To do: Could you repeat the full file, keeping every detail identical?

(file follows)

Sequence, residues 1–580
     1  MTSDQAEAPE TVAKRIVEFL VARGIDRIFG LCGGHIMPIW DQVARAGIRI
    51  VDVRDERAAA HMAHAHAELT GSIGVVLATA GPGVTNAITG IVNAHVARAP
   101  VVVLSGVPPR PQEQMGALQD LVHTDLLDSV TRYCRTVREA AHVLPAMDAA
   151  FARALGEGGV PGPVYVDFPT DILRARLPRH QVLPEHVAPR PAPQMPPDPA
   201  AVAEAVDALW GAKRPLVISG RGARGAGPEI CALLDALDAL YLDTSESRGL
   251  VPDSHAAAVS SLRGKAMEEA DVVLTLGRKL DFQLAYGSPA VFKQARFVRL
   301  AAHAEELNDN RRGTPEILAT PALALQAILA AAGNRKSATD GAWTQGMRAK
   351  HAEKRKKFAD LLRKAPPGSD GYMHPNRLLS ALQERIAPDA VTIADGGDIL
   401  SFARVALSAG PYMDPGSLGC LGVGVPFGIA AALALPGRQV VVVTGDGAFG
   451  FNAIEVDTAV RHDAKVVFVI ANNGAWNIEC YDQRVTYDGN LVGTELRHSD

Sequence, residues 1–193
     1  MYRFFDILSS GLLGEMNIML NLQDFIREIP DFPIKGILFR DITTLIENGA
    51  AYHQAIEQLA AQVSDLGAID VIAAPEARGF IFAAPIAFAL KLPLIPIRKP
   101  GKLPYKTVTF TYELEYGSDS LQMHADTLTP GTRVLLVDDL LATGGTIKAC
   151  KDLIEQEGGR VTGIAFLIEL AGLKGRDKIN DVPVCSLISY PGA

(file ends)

Sequence, residues 1–580
     1  MTSDQAEAPE TVAKRIVEFL VARGIDRIFG LCGGHIMPIW DQVARAGIRI
    51  VDVRDERAAA HMAHAHAELT GSIGVVLATA GPGVTNAITG IVNAHVARAP
   101  VVVLSGVPPR PQEQMGALQD LVHTDLLDSV TRYCRTVREA AHVLPAMDAA
   151  FARALGEGGV PGPVYVDFPT DILRARLPRH QVLPEHVAPR PAPQMPPDPA
   201  AVAEAVDALW GAKRPLVISG RGARGAGPEI CALLDALDAL YLDTSESRGL
   251  VPDSHAAAVS SLRGKAMEEA DVVLTLGRKL DFQLAYGSPA VFKQARFVRL
   301  AAHAEELNDN RRGTPEILAT PALALQAILA AAGNRKSATD GAWTQGMRAK
   351  HAEKRKKFAD LLRKAPPGSD GYMHPNRLLS ALQERIAPDA VTIADGGDIL
   401  SFARVALSAG PYMDPGSLGC LGVGVPFGIA AALALPGRQV VVVTGDGAFG
   451  FNAIEVDTAV RHDAKVVFVI ANNGAWNIEC YDQRVTYDGN LVGTELRHSD

Sequence, residues 1–193
     1  MYRFFDILSS GLLGEMNIML NLQDFIREIP DFPIKGILFR DITTLIENGA
    51  AYHQAIEQLA AQVSDLGAID VIAAPEARGF IFAAPIAFAL KLPLIPIRKP
   101  GKLPYKTVTF TYELEYGSDS LQMHADTLTP GTRVLLVDDL LATGGTIKAC
   151  KDLIEQEGGR VTGIAFLIEL AGLKGRDKIN DVPVCSLISY PGA